Each year, about 100 million people get infected with the dengue virus, usually because of getting bitten by an infected mosquito, according to the Centers for Disease Control and Prevention (CDC). However, little is known on how the virus infects human cells, until now.
Researchers have recently found how the dengue virus infects cells of people. The finding, which appeared on the October 7, 2010, issue of PLoS Pathogens, provides new researchers a background, which paves the way for the creation and testing of new drugs that can prevent or treat dengue infection.
The virus that causes the disease is commonly transmitted by the dengue-carrying mosquito — the Aedes aegypti. Once infected, the person usually starts to have fever after a few days. It can be accompanied by severe headache, joint pains, nausea, and rashes.
Sometimes, the virus can cause dengue hemorrhagic fever DHF) — a more severe form of dengue fever — that can cause damage to blood and lymph vessels. DHF can cause difficulty breathing, bleeding in the nose or gums, bruising, and, if left untreated, will cause death. The World Health Organization (WHO) says that DHF takes the life of about 22, 000 people each year, most of them children.
How Dengue Virus Infect Cells
Once inside the body, the dengue virus attaches to the surface of the cell, called the cell membrane — the material that envelopes the entire cell. The cell membrane will form a pouch-like structure — called endosome — that surrounds the virus, allowing entry into the cell. As the endosome travels deep into the cell, the membrane of the virus fuses with the endosomal membrane forming an opening. The virus releases its own genetic material, infecting the cell. The infected cell is now forced to replicate itself, producing more infected cells.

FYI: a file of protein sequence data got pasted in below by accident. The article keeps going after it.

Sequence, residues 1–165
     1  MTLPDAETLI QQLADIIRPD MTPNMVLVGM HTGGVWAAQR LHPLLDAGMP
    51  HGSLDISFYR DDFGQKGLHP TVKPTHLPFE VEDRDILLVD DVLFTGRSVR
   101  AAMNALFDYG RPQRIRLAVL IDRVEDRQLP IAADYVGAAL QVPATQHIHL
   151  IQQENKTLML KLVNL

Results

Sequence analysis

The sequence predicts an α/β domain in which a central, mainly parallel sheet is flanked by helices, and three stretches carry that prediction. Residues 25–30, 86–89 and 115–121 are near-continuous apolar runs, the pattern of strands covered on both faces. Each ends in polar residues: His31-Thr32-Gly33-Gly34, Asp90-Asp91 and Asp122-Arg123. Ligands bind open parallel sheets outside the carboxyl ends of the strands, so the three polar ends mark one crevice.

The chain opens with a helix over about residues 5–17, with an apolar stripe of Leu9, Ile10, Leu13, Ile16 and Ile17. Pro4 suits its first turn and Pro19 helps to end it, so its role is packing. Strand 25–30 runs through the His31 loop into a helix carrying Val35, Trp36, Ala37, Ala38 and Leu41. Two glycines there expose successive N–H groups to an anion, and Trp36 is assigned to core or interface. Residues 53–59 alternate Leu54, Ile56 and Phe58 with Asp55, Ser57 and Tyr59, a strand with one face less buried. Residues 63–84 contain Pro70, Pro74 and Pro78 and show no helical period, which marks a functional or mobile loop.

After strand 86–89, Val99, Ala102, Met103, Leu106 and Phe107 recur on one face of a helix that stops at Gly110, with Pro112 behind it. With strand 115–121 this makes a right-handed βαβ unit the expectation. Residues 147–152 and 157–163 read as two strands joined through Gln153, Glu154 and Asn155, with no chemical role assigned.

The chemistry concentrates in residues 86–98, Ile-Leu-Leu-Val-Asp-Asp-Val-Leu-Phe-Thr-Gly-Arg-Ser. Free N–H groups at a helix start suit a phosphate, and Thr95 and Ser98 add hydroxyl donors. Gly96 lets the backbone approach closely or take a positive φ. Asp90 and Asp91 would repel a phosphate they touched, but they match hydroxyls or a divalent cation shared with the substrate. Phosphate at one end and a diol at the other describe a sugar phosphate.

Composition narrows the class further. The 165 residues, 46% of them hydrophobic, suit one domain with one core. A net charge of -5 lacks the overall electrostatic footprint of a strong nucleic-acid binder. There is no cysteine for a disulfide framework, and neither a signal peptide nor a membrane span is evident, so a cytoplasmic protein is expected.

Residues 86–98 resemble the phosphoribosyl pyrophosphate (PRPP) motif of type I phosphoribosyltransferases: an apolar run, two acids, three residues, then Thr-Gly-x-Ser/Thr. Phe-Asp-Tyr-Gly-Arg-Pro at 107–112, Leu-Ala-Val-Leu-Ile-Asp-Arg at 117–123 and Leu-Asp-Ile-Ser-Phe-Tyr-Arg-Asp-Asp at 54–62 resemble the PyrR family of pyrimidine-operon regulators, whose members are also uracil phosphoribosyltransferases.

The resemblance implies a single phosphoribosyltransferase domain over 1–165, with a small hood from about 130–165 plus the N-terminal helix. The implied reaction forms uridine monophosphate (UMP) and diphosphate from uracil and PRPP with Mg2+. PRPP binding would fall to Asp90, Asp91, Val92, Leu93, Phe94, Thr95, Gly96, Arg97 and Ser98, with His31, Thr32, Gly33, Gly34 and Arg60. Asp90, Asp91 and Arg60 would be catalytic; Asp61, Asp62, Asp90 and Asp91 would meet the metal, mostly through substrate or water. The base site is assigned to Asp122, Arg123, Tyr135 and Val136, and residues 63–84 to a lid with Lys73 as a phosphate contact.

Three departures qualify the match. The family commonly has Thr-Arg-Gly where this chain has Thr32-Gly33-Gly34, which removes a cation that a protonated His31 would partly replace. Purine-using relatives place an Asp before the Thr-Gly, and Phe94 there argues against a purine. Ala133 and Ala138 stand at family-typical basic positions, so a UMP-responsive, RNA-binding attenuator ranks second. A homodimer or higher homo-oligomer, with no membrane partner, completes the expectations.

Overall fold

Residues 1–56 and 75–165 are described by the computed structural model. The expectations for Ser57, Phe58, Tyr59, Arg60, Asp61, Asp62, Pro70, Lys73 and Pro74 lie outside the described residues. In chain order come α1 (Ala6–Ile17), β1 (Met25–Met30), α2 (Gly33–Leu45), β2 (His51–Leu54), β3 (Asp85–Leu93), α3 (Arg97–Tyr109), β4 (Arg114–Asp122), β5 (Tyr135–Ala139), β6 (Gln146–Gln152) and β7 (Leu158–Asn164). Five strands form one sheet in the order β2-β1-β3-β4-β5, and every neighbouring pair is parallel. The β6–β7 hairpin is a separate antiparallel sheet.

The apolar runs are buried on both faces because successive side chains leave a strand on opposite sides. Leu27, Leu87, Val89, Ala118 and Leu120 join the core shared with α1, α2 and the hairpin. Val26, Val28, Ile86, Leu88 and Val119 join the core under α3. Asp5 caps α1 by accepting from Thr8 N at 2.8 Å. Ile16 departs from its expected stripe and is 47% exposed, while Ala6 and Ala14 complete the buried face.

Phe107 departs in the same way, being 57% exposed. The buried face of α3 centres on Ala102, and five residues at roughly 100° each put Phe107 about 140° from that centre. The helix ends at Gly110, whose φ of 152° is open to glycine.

Led by Dr. Leonid V. Chernomordik of the Section on Membrane Biology at the NIH’s Eunice Kennedy Shriver National Institute of Child Health and Human Development (NICHD), the researchers used fluorescent probes on the dengue virus and human cell membranes. The probes glow when the membrane of the virus fuses with the normal human cell membrane.
The researchers found that two components should be present for the fusion of the membranes to occur. One component is that there is an acidic environment and the other is having ‘negatively charged lipids in the endosome membrane.’ The scientists say that the ‘negativity of charges’ would only occur if the endosome is in the right place, deep within the cell.
Dr. Chernomordik says, “We spent several years trying to understand how the dengue virus fuses with its target membrane.” He added, “The findings will now enable us to test new ways to disrupt the fusion process and prevent infection.”
The study was funded the NICHD and the National Institute of Allergy and Infectious Diseases (NIAID).
Centers for Disease Control and Prevention (CDC). Dengue. Accessed on October 30, 2010.
National Institutes of Health (NIH) Research Matters. How Dengue Virus Infects Cells. Accessed on October 30, 2010.
NIH News. NIH scientists discover how dengue virus infects cells: Discovery essential for testing potential treatments. Accessed on October 30, 2010.
World Health Organization (WHO). Impact of Dengue. Accessed on October 30, 2010.